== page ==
Seeing it on the big screen, I was caught off guard by how emotional I was. I choked up seeing someone who looked like me, seeing families looking and doing things like mine. Simple things. Characters using chopsticks, eating foods I ate. Seeing elements of my culture on display on the silver screen brought me joy.
I went back to the theater over and over again. And I loved that the film didn’t just serve an Asian audience. Everyone could relate to its themes. It turned out to be a mega hit, striking box office gold worldwide.
But any hope for change came to a screeching halt when the pandemic hit. As everyone worried about their health, Asians everywhere also questioned their safety and security after being blamed for the coronavirus. President Trump called the virus “Wuhan flu” and “Kung flu.” Viral videos surfaced of Asians being attacked and beaten, some with deadly consequences.
According to STOP AAPI Hate, almost 11,000 acts of hate against Asian Americans and Pacific Islanders were reported between March 2020 — the start of the COVID-19 pandemic — and December 2021. The Center for the Study of Hate and Extremism reported that anti-Asian hate crimes increased 339% nationwide in 2021, compared to 124% the year before.
If there is a silver lining to that dark period, it’s the signs of progress. Three years later, our community is heading into a golden era for change. There’s a palpable sense of activation, activism and awakening. For too long, we’ve been bound by our cultural inhibitions. Don’t make waves. Don’t get noticed. Keep your head down. Keep quiet. But during this hateful period, we started using our voices, speaking out, standing up to the hate and the violence. Several AAPI-run nonprofits, including Gold House, The Very Asian Foundation and The Asian American Foundation have risen to prominence for their work advocating, advising and aiding the AAPI community.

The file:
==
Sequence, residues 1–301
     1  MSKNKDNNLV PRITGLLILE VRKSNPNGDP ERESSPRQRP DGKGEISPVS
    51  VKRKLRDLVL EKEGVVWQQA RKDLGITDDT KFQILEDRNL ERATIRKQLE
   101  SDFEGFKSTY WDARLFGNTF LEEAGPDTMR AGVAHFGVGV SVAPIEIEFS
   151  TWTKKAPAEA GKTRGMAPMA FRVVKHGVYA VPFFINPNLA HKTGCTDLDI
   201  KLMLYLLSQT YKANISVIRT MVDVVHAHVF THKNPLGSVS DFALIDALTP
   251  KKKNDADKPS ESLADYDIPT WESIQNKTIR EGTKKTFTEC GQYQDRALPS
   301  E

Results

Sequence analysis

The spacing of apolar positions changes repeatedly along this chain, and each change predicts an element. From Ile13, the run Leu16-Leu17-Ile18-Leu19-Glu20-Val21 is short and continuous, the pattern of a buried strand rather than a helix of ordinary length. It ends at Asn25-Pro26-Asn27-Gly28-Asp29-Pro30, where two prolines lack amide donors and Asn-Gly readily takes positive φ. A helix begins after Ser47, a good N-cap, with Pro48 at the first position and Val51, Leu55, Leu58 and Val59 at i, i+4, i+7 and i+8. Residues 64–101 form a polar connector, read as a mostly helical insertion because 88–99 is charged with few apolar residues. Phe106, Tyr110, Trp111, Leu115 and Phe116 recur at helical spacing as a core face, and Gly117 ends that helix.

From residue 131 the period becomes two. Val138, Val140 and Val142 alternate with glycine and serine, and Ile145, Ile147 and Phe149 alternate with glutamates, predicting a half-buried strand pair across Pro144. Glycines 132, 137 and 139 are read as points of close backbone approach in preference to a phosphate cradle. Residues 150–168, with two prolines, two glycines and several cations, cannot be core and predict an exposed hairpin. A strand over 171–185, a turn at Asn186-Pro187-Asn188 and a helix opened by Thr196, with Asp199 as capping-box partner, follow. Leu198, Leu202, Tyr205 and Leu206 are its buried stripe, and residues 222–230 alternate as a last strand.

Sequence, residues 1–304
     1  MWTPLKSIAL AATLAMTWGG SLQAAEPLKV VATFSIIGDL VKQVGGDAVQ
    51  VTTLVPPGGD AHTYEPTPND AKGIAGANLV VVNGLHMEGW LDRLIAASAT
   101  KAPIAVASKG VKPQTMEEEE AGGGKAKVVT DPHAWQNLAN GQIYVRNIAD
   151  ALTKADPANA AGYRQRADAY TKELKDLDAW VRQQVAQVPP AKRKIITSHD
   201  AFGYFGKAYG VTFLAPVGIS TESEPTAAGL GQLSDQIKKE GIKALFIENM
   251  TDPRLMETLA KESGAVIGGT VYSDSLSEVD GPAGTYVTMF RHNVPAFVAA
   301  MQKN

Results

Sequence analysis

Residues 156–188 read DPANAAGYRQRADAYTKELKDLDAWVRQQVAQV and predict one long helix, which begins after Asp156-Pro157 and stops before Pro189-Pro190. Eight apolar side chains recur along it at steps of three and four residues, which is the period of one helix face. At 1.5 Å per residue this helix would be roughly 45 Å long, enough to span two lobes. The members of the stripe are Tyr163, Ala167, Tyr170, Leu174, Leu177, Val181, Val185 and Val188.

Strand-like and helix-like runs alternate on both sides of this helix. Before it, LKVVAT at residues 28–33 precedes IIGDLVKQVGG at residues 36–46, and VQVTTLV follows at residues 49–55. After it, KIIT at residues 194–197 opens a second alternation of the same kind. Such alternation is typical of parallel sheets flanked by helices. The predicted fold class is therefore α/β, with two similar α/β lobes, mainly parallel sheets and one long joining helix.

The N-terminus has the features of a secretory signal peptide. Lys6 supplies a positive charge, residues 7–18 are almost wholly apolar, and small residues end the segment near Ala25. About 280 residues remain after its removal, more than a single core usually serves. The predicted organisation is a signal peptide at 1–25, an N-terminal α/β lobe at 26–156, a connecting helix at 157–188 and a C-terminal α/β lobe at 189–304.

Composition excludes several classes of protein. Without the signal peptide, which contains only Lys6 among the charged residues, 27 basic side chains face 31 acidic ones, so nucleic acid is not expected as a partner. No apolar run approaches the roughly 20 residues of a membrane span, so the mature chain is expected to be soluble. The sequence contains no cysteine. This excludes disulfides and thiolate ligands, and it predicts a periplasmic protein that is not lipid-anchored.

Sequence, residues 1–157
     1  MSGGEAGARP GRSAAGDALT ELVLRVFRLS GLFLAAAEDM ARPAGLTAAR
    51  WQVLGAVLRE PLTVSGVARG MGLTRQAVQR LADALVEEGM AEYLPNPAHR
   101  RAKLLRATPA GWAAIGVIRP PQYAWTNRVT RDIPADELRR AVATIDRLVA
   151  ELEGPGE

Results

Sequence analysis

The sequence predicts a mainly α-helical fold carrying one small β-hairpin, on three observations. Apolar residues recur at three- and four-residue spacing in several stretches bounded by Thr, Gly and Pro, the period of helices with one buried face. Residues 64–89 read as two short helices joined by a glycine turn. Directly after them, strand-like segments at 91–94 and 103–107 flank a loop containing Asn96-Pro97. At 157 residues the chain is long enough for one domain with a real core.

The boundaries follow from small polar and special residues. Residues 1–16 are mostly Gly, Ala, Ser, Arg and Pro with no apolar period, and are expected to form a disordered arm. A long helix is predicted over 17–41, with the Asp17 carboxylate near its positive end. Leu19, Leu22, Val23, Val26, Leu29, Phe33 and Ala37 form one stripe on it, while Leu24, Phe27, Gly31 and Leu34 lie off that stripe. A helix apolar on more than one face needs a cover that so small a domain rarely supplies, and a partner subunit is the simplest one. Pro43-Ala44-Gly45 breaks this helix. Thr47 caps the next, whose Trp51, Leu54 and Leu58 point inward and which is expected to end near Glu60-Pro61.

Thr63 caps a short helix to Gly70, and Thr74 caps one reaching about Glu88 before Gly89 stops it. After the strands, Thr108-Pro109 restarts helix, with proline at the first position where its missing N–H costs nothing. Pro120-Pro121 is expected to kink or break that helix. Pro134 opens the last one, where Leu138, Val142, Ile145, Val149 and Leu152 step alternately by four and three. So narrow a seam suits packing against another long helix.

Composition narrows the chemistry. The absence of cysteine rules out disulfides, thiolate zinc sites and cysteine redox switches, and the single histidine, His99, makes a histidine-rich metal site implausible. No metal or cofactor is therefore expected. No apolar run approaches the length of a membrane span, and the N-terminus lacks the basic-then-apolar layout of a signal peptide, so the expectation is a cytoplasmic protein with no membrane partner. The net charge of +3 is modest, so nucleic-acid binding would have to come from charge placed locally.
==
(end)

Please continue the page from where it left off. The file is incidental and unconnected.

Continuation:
Stars like Michelle Yeoh and Ke Huy Quan have served as ambassadors for this newly found Asian pride. Having pride in yourself and your culture doesn’t have to come at a cost to anyone else. It’s not saying you’re better than anyone else, but that you’ve earned a seat at the table. Yeoh and Quan became international household names for their roles in “Everything Everywhere All at Once,” a movie with an Asian-led cast that generated much buzz during awards season. Every time Yeoh or Quan took to the podium and accepted an award, I found myself getting misty-eyed. Finally, someone who could be my sister, brother, auntie, uncle, cousin. My friend.
My Asian pride swelled to an all-time high during this year’s Oscars. Yeoh took home the best actress award as the first Asian woman to win, and Quan walked away with the Oscar for best supporting actor. At one point, #OscarsSoAsian was trending. Their wins had me cheering and crying all at once. We’re talking ugly crying. My daughter didn’t get it. “Mom, why are you crying?” she asked. I tried to explain to her why I was so emotional — why this mattered so much — and all I got was an eye roll and this response: “They’re on the TV all the time.”
She froze me. In her lifetime, it has gotten better. She is not the same kid I was, too embarrassed to invite friends over to play and show off who I was, too ashamed to be honest, let alone proud, of my Asian American identity. She wears her identity openly.
So today, I’m hopeful my 6th grader is right — that seeing Asian faces on the screen, stage and in books, really is no big deal at all.